Pit bull ordinance vetoed in Horicon
By CONNIE DORNFELD/Staff Reporter
HORICON - The watered-down pit bull ordinance, adopted by a 3 to 1 vote of the Horicon City Council Tuesday night, was immediately vetoed by Mayor Jim Grigg.
In taking that action, Grigg pointed out that the original ordinance was proactive.
"We have nothing now until after the fact. This ordinance does not make our residents safer. It is a step backward," Grigg said.
Any council action on the mayor's veto will come at the Nov. 28 meeting when a three-fourths majority vote will be required to override.
If it is overridden, the ordinance is adopted.
Donald Butler, who introduced the original ordinance that subsequently was sent back to the public safety committee three times, cast the sole nay vote.
"I have watched this thing diluted down to almost nothing. It has been a waste of time and money, and all to satisfy seven or eight people. This was meant to be something with teeth in it. What about the rest of the community? This says a dog has to bite to be vicious and has nothing in it about insurance or the dog being muzzled. We are back where we started. I am here to represent the residents of Horicon, not a select few," Butler said.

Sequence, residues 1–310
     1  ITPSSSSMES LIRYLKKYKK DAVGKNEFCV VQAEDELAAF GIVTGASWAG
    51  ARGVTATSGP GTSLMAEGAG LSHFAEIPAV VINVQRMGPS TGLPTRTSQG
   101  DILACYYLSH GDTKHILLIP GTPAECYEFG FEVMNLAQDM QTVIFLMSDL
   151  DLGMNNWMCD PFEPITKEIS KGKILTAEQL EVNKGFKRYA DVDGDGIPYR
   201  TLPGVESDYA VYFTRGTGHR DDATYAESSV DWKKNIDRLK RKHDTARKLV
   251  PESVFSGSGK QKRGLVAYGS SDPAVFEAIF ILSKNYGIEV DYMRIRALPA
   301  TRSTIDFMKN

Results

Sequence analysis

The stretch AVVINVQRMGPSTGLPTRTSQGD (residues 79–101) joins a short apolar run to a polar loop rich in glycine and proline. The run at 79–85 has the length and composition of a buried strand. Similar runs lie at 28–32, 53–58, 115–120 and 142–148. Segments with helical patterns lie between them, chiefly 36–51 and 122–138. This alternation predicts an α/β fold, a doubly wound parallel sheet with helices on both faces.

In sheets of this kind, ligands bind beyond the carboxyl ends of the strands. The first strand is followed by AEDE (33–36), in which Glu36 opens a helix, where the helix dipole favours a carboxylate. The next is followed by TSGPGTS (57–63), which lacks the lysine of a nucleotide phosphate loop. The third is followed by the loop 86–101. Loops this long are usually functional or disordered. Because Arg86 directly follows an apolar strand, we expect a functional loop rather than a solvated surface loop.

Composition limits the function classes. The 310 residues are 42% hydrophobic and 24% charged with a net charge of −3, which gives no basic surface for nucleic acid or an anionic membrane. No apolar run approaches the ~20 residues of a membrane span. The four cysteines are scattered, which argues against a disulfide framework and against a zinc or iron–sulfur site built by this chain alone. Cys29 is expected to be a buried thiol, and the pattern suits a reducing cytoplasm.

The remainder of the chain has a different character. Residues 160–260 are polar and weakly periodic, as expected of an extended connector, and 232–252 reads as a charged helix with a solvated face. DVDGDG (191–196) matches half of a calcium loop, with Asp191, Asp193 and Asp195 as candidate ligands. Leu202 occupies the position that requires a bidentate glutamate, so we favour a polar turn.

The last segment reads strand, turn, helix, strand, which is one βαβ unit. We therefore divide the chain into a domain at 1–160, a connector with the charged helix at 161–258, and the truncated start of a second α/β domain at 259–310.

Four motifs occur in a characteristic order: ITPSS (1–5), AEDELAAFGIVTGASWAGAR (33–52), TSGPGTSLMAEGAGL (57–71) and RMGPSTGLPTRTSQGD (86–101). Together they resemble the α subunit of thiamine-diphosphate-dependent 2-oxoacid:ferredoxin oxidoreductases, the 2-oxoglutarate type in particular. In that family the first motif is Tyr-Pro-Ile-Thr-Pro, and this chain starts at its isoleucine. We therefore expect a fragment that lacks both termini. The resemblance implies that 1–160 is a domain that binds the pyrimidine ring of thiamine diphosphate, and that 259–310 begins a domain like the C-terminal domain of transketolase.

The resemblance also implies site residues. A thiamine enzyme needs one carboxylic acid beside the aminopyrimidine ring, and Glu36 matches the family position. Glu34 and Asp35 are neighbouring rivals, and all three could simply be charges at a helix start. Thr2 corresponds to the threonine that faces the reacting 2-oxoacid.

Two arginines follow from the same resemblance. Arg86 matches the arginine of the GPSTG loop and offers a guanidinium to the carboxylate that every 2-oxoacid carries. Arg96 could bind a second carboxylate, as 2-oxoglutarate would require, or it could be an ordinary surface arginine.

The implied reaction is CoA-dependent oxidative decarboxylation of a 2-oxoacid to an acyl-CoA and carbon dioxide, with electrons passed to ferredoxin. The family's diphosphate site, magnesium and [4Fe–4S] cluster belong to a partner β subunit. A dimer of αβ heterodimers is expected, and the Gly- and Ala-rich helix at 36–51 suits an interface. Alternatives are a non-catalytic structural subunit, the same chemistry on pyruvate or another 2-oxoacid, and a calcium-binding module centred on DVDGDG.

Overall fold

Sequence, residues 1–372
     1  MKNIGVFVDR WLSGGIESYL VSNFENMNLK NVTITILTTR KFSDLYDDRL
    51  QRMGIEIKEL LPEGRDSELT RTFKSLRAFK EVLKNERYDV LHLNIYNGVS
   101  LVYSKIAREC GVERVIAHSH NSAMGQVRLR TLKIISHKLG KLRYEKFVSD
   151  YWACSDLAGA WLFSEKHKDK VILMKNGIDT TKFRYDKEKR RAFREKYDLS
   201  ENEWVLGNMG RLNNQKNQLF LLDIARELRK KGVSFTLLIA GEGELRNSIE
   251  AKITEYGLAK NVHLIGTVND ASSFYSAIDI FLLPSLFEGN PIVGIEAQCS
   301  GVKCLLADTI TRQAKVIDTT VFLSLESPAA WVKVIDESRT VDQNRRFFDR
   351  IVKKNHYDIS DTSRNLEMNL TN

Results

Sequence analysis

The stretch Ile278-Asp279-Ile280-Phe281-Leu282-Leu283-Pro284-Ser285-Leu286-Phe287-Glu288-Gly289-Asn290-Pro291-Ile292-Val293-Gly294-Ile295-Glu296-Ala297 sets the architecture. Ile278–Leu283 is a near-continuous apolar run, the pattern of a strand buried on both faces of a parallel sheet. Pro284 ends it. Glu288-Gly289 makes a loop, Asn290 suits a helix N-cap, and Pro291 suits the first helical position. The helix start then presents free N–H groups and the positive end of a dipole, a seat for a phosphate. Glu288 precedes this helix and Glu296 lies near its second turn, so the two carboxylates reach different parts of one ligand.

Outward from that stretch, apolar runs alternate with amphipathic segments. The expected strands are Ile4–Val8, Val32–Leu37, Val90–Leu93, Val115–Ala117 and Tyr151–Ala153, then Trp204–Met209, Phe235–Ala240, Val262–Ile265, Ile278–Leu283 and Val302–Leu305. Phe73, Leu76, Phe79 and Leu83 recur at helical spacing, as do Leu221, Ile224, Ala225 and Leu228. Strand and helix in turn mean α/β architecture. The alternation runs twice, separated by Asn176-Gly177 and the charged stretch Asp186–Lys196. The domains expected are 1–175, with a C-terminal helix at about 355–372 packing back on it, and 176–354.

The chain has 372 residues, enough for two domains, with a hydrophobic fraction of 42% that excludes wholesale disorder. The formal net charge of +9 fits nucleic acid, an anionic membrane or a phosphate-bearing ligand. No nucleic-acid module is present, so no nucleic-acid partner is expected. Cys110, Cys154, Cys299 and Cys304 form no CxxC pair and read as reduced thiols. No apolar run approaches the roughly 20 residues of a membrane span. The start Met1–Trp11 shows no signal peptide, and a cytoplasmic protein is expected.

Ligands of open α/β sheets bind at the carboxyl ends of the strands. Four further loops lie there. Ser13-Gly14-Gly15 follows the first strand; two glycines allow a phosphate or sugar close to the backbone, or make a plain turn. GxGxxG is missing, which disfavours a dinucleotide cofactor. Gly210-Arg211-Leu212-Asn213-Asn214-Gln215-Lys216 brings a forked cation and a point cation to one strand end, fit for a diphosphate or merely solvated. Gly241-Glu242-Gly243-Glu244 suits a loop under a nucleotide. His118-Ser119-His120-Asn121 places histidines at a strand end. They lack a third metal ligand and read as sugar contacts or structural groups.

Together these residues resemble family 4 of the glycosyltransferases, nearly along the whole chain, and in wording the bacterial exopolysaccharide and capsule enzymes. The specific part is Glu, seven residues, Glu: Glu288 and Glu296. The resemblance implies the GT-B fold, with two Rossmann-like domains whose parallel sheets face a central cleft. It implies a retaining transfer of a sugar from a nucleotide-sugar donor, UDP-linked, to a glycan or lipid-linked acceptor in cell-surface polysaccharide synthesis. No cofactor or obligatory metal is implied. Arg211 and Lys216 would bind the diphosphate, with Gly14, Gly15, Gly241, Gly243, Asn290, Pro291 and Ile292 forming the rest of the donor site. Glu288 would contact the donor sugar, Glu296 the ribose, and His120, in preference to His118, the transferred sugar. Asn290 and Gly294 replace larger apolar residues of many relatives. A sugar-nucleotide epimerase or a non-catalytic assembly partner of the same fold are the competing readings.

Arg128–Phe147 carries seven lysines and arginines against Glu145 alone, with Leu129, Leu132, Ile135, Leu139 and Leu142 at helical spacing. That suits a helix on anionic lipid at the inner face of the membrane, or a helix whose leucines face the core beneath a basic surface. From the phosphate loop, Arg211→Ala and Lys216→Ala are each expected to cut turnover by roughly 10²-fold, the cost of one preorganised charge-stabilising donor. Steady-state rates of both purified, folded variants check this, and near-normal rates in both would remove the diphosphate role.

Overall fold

Three concerned citizens, Jody Westimayer, Teresa Schuett and Dawn Bjork called for the ordinance to be more breed specific. As she had at earlier meetings, Westimayer cited an owner on South Hubbard Street whose pit bull is out all the time without a leash with a 7-year-old girl who cannot control it.
"Consider your vote carefully," she said.
Reporting that her daughter had been chased by a pit bull, Bjork said, "I fear for the safety of our children."
In light of Westimayer's report, Carl Fausett amended the ordinance to call for double penalties for pet owners with more than three citations within 60 days.